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Ralph Reed is Back, Hoping to Harness the Energy of the Tea Party Movement

Ralph Reed hopes to bury his past by bringing together the two most energetic right-wing movements: the Tea Party and the religious right.

The following is reprinted with permission from Religion Dispatches. You can sign up for their free daily newsletter here.

EDITOR'S NOTE: Ralph Reed, the former Christian Coalition leader and confederate of convicted felon Jack Abramoff, is making his bid for restored respectability and power in right-wing politics. This weekend, as Tea Party groups convene on the nation's capital to mark the first anniversary of last year's taxpayer march on Washington, Reed's latest venture, the Faith and Freedom Coalition, will host its debut Washington, D.C., "conference and strategy briefing," starting tomorrow at the historic Mayflower Hotel. (Sarah Palin is listed a an "invited speaker" though her place on the roster has yet to be confirmed.) "This will be an exciting weekend of featured speakers, networking and training workshops as we prepare for the November elections," reads the conference registration page on the organization's Web site. Earlier this year, Sarah Posner filed this report on Reed's attempt at a comeback.

Last November, the evangelist James Robison, an early organizer of the religious right and a mentor to the young Mike Huckabee, was ruminating about the state of the nation. He and his wife, Betty, he said, were increasingly worried about the country "drifting away from what I call 'foundation principles,'" the "foundational belief system based solidly upon the truths found in the scriptures."

Robison, whose daily talk show favors affable studio chats about Jesus and personal fulfillment to politically-charged polemic, packed a series of religious right dog whistles into his lament about the country's downward spiral. The founders, he said, believed in the word of God, and came to America looking for "spiritual freedom." The founders were dedicated, he went on, to "a very limited government that functioned to protect that freedom," a version of history that "not many get to anymore in our public school system."

Robison then introduced his antidote to the fallen nation: the recently resurrected Republican political operative Ralph Reed. The one-time golden boy of the conservative movement -- sullied by the Christian Coalition's decline under his leadership, and later his sordid partnership with convicted lobbyist Jack Abramoff -- was making the rounds promoting his new incarnation, the Faith and Freedom Coalition.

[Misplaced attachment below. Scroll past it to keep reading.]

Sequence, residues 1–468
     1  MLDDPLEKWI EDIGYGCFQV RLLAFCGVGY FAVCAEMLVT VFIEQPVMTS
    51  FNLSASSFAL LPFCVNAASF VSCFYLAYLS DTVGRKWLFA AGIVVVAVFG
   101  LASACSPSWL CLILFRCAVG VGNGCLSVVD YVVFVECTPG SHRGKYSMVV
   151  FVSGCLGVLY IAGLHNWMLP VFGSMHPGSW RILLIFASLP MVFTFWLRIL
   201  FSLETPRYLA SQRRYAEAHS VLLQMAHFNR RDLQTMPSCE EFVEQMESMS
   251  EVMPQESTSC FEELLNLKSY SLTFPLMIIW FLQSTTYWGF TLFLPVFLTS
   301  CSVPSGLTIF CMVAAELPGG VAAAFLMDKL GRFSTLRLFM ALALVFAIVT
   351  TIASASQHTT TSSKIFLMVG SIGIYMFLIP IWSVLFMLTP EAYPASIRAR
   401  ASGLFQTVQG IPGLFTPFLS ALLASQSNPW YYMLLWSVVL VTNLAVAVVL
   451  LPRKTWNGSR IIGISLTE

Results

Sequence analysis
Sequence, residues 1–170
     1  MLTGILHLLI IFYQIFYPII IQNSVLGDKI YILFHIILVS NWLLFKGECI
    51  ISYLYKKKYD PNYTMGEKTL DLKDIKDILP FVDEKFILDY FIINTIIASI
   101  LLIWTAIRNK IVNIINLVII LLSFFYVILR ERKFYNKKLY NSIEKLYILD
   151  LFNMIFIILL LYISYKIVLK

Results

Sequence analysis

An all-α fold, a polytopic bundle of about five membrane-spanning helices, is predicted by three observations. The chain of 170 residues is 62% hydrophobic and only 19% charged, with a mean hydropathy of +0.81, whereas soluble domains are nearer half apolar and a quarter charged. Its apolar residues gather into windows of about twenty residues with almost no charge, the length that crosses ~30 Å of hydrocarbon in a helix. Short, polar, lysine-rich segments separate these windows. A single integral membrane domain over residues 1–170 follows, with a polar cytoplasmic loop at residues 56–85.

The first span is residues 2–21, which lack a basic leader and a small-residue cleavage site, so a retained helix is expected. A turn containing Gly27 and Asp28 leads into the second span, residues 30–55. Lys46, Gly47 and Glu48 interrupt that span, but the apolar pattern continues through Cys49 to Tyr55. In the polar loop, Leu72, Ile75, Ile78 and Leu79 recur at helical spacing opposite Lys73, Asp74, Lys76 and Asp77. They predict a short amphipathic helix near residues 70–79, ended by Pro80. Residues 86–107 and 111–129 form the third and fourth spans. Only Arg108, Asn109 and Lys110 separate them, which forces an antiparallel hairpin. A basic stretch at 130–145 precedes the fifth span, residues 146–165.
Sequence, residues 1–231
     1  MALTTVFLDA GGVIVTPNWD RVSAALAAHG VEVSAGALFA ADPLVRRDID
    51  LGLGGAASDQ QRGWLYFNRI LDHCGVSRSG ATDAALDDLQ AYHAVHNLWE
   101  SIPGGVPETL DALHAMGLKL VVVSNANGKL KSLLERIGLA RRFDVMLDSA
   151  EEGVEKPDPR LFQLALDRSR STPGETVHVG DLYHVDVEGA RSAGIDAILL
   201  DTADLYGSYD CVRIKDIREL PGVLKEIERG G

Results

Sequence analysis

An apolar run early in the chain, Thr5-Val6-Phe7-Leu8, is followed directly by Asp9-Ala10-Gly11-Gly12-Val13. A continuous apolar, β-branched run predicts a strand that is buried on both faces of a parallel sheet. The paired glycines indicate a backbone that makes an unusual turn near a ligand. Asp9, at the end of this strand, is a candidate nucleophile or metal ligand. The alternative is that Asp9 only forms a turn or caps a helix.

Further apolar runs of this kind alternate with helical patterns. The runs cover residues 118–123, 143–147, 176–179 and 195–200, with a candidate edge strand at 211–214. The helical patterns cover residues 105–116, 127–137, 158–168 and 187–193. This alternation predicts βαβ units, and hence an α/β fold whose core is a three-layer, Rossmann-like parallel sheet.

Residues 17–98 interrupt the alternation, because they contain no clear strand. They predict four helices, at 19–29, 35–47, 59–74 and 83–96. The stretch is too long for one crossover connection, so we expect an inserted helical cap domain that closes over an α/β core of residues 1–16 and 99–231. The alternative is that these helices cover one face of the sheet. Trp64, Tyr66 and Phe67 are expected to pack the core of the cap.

In introducing Reed as a guest on his program, Robison gushed that when he learned of Reed's new political effort, he exclaimed, "faith and freedom? I said, 'I've just been praying about that.'"

It Costs a Lot of Money to Print Voter Guides

Whether Reed is the answer to the conservative movement's prayers remains to be seen. But he is engaged in a full-court press to re-create the Christian Coalition for the 21st century through FFC affiliates in the states, a process already underway in Florida, Iowa, Colorado, Nevada, California, Virginia, and Tennessee.

In announcing last March that he had decided against running for the Congressional seat being vacated by retiring Georgia Republican John Linder, Reed promised supporters, "In 2010 and 2012, FFC will register an estimated one million new faith-based voters and make tens of millions of voter contacts in what may be the largest conservative get-out-the-vote effort in modern political history." Reed, who has been suspected of exaggerating the numbers of Christian Coalition members and distributed voter guides, promised his for-profit Century Strategies' "voter contact subsidiary and grassroots team will be involved in a number of races in 2010."

Reed's FFC is essentially a retread of the Christian Coalition which, under Reed's leadership, was investigated by Congress, the Federal Election Commission, and ultimately (after Reed's departure) had its tax-exempt status denied over its engagement in electoral politicking. But Reed, who has managed to survive the Christian Coalition meltdown, his two-timing of evangelicals through his business association with Abramoff, and his 2006 loss in the Republican primary for lieutenant governor of Georgia, is sifting the remnants of the Christian Coalition infrastructure to build FFC.